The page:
Sam Rocha's new album, Late to Love (Wiseblood, 2014) took me by surprise. Frankly, I had my doubts about music billed as "Augustinian soul." It sounded a little too cute and a little too weird. And there's always that old problem of music that aims to be both popular and religious: to often, it's only musically and theologically mediocre at best. But we're supposed to "support" it anyway, because it's the right thing to do.

Late to Love is different. It sounds good. Good, I tell you! Rocha's voice is supple and velevty, the production value is top notch, the musicians are in the zone, and the tunes are catchy, with flashes of ingenuity to keep you on your toes. In short, it's fun to...READ MORE

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Love, Blame, and Hope in the movie Mud

Tuesday, September 09, 2014 11:29 AM Comments (17)

The other night, we watched the 2012 movie Mud with Matthew McConaughy and Reese Witherspoon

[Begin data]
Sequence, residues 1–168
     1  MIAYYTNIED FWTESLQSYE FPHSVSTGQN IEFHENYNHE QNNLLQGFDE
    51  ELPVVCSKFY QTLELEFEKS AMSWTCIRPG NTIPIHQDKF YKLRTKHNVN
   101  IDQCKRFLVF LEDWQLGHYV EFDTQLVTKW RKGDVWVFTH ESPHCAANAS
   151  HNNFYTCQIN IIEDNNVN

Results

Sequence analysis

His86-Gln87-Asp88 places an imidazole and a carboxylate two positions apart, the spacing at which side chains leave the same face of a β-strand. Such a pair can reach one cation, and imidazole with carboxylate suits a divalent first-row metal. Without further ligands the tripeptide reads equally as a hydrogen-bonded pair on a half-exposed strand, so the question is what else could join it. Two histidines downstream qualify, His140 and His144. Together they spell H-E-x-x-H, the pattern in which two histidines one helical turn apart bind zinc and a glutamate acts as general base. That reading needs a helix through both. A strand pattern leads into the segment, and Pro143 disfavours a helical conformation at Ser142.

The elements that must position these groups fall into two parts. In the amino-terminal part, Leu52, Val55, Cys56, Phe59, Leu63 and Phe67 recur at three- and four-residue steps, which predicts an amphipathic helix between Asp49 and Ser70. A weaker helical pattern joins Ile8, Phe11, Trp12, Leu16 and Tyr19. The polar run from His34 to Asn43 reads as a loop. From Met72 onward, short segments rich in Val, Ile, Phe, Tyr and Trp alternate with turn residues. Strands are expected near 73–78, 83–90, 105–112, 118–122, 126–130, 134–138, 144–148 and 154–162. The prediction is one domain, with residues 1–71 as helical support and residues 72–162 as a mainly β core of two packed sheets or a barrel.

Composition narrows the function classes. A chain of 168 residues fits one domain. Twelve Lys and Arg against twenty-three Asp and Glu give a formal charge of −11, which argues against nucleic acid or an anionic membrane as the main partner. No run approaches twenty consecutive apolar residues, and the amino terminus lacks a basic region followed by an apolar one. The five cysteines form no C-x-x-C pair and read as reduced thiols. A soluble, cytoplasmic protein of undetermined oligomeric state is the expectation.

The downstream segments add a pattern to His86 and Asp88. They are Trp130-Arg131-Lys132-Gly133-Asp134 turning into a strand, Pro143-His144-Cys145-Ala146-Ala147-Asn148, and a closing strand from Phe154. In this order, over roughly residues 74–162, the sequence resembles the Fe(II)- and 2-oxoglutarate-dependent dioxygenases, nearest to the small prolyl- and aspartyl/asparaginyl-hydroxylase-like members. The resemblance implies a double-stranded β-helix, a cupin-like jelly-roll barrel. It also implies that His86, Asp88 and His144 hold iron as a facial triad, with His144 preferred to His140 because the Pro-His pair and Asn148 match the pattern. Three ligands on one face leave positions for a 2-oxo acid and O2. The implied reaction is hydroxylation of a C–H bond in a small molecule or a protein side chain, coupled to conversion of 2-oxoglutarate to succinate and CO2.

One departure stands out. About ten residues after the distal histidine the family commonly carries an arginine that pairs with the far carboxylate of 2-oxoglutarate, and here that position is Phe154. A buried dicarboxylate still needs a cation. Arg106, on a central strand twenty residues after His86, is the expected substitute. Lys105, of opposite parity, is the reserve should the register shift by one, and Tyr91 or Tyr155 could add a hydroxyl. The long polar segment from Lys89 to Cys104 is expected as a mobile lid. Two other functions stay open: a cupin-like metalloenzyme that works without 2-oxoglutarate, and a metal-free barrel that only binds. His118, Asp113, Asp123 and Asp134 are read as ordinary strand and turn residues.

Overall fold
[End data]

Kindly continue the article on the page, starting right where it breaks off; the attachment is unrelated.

My husband and I both enjoyed it immensely, both for its skillful artistry and for its desire to entertain. At no point were we whacked over the head with messages, symbolism, or art (none of that, "Lookit me artist the heck out of this fillum!" stuff that gets so tiresome in so many thoughtful movies). It certainly could have: it has heavy with astonishing imagery: a boat in a tree!  A floating house! A pool full of black snakes!  A string of pearls!  A diver who needs more light! While no second of dialogue was wasted and no scene was framed carelessly, the story worked fine on its own, and...READ MORE

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What About Behavioral and Spiritual Arguments Against Vaccines?

Thursday, September 04, 2014 10:54 AM Comments (88)